An update on the 2018 Proposition C Our City Our Home measure
It’s been over a year since the 2018 Proposition C – Our City Our Home – was passed with 62% of voter support. The measure, which taxes the wealthiest corporations in San Francisco with income over $50 million an average of one-half percent, will garner around $300 million for homelessness every year. However, none of the money can be spent as the measure is held up in a hotly contested lawsuit.
The Howard Jarvis Taxpayers Association, along with the California Business Roundtable and California Properties Business Association, sued the City over Proposition C, arguing that the measure needed a two-thirds majority because the measure institutes new taxes. However, the City Attorney, Dennis Herrera has argued against this, citing the court case, California Cannabis Coalition vs City of Upland which details that if a measure for new taxes is put on by the public citizens and not the City government, said measure only needs a simple majority, or 50% plus one vote. Since this is the case with Prop C – Our City Our Home – the measure should be upheld.
As of now, the measure won in the first court case in the San Francisco Superior Court, but is being challenged by the opposition. The facts of our case are clear. While Prop. C had wide political support from Nancy Pelosi and Dianne Feinstein as well as seven Supervisors, it also had opposition from key political leaders like Mayor London Breed and state Senator Scott Weiner. Our City Our Home was crafted by homeless people, the service providers who serve them, and other concerned San Franciscians. Anubis Daughtery, a formerly homeless person said, “I worked on the Prop. C campaign because I thought it would be beneficial for homeless people — I was homeless for six years and thought it would be a good use of my time. Prop. C was different because it came from the Coalition on Homelessness. It didn’t come from a politician. Historically when it comes to homelessness and homeless issues, politicians have adversely affected said issues, and Prop C was better because it came from people who knew better, it came from what homeless people wanted.”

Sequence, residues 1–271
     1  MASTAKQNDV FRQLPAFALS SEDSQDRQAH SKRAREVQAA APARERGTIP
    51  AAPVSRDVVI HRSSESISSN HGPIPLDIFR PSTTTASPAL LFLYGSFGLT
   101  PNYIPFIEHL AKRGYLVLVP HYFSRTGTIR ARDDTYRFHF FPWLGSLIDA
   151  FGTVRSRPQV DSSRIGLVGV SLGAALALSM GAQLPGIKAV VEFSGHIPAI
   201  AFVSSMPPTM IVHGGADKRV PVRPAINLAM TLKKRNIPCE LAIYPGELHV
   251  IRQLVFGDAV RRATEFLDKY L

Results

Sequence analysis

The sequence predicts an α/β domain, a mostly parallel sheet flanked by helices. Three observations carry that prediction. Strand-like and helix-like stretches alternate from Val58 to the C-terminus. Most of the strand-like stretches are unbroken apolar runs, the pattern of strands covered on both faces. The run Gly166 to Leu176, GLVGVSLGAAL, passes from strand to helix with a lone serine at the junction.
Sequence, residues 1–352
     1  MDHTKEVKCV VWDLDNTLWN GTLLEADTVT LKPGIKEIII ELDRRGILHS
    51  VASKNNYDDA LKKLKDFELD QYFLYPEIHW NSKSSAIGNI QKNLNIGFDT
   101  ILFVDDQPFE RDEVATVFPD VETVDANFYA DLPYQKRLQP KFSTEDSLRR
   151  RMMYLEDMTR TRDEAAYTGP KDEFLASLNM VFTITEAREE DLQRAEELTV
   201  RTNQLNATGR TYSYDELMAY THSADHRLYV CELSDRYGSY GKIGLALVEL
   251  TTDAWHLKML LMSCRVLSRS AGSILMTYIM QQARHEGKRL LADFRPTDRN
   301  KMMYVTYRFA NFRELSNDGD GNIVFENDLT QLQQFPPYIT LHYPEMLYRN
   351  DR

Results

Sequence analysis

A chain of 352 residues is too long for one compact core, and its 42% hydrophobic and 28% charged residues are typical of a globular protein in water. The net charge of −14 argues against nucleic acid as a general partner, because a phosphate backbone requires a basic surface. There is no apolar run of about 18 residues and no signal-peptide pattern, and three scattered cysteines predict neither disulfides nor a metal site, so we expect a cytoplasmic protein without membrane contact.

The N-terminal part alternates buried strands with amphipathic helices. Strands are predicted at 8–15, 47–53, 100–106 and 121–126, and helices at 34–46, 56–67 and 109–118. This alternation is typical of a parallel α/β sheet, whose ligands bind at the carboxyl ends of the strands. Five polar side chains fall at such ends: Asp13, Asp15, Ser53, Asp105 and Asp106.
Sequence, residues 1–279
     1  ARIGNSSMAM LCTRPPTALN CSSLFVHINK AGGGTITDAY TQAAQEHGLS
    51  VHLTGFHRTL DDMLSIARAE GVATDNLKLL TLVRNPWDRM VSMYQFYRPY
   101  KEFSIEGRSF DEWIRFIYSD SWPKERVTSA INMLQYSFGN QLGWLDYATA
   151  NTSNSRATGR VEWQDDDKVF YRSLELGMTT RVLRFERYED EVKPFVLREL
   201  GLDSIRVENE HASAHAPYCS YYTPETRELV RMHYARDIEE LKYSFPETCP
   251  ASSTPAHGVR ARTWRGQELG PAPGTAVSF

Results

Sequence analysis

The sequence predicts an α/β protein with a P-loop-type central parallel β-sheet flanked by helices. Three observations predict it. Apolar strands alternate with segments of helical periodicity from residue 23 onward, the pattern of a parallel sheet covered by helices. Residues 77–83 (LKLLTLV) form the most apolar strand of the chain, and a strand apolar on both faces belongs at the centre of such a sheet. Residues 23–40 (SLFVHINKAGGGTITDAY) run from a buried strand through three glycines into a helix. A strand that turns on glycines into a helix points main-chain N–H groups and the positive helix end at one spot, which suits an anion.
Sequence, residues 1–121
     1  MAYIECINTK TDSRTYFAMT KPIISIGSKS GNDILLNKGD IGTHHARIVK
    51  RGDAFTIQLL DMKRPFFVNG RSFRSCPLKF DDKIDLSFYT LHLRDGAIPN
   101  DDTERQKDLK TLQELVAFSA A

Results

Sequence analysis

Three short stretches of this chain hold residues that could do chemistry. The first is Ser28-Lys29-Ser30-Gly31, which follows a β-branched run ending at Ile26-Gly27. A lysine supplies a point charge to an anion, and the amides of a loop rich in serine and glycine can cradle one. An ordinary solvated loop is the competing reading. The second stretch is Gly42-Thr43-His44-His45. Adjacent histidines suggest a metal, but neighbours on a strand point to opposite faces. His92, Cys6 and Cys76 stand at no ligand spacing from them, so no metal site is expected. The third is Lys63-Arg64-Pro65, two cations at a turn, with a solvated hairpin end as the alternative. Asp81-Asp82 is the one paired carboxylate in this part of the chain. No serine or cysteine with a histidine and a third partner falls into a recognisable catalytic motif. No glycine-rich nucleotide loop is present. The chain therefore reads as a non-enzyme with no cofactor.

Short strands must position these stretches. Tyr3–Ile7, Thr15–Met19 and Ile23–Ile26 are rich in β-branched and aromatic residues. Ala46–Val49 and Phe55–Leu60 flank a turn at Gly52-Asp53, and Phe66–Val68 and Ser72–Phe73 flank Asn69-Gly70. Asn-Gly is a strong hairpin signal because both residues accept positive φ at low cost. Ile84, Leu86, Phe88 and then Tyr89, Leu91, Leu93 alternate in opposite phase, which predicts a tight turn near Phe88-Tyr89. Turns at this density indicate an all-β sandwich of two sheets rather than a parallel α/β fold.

The City this year is planning to restructure the Gross Receipts Tax which was crafted in 2012. There are 7 schedules in which businesses fall into, like retail, finance, and technology. These schedules all have different tax rates and at first, the City was doing guesswork with how to vary each schedule’s tax. In our 2018 Prop C, we added a tax bracket for income over $50 million, which was previously capped at $25 million. It’s unclear as to what the City will propose in November this year, but they could consider adopting the $50 million tax bracket we instituted. As City supervisors and various other officials rework the tax, Prop C funding becomes exposed and vulnerable to city electeds who wish to supplant the money for other causes, or not honor the baseline of $300 million.